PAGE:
Do you think Google should be allowed to publish data request numbers? Would it really impact national security? Let us know in the comments.

  • http://chatalain.com/chat/al-shellah/index.html شات الشلة

    Google imposes complex laws and strict penalties towards the users of its services

    • norm

      You win the argument, this is true: Google has stricter laws than the American government indeed, and yes they do deserve to be screwed just as bad. I am waiting for an insider Googlite to reveal the goods on their evilness the way Bradley Manning etc. has about the government.

  • Stephen Miller

    This should also fall under the Freedom of Information Act… and goes along with the theory that if there’s nothing to hide, why are they being so stuck up about sharing the information ???

  • Larry

    Our government is doing its best to destroy any form of constitutional rights we have. I agree with Google. i think that any request for information from the NSA should need to be approved by the individual they are requesting information about.

  • https://www.searchen.com John Colascione

    Opinion (While I am still aloud to have one): Google has the right to release the number of requests.

  • http://www.ZoomTanzania.com Kirk

    Google is absolutely doing the right thing. They have no choice but to comply to the requests, but I appload them for going to such great lengths to force the governments hand and at least reveal to the public the extent to which such requests are occuring. I don’t disagree with governments right to request such information when it is warranted. But to not allow the public to know the extent to which it is happening is shameful. Everything remains secure except we would know how often it is happening. It is not right for the government to abuse our trust and continually hide behind arguments such as “national security”. Revealing the number of requests in no way reveals anything classified and in no-way jeapordizes our safety. The government should allow this, and I apprecaite Google taking this as far as they are.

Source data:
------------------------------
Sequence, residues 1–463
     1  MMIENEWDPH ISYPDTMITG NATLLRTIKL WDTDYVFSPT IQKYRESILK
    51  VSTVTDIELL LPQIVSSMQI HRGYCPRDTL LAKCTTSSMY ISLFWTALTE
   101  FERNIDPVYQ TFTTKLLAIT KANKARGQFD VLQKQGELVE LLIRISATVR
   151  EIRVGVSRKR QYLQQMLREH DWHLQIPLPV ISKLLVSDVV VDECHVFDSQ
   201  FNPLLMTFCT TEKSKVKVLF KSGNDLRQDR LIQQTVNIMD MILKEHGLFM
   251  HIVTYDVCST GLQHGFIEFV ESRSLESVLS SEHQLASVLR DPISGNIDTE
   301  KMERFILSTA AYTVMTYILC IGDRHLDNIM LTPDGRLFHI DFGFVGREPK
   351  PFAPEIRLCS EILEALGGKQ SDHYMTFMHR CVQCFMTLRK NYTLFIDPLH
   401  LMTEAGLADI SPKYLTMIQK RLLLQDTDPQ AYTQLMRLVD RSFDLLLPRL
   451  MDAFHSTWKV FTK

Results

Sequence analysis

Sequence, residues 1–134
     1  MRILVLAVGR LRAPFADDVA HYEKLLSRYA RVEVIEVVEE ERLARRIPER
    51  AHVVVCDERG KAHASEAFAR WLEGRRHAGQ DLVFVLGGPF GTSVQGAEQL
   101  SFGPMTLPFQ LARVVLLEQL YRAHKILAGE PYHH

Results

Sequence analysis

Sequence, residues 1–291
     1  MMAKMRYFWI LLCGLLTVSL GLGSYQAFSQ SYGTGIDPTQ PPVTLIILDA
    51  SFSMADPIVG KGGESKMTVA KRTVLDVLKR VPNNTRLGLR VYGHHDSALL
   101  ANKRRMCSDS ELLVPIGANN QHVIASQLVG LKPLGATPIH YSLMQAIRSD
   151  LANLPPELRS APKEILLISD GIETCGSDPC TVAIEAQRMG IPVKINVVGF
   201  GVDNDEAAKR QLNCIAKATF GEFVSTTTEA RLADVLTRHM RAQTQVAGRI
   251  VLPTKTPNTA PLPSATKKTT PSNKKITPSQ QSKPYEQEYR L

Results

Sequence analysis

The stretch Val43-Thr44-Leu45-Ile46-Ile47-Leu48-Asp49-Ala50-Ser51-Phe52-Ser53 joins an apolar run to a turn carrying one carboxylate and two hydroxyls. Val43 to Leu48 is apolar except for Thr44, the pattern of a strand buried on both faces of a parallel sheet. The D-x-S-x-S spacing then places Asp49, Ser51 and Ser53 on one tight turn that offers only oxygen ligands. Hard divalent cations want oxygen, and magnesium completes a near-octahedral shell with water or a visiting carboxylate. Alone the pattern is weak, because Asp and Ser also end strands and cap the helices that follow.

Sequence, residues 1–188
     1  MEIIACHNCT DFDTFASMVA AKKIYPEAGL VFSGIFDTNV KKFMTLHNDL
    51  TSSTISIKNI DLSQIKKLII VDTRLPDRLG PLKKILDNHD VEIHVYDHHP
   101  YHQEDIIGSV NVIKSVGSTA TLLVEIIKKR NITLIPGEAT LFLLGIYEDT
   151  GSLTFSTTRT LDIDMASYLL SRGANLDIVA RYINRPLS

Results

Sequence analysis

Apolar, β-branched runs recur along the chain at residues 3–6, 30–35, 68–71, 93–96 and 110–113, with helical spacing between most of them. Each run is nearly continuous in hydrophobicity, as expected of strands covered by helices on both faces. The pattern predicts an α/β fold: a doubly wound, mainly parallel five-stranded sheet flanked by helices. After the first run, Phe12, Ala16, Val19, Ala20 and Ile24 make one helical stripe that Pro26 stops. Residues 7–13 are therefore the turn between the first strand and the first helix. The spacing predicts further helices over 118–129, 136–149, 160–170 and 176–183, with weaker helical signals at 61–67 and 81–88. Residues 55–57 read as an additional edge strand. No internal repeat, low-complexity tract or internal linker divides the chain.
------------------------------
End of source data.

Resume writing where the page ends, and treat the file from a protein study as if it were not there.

• Ghostwriter

    If Google is so intent on releasing this information, perhaps the company should also release records of its sales of consumer data to marketing companies, especially considering the fact that the volume is several magnitudes larger.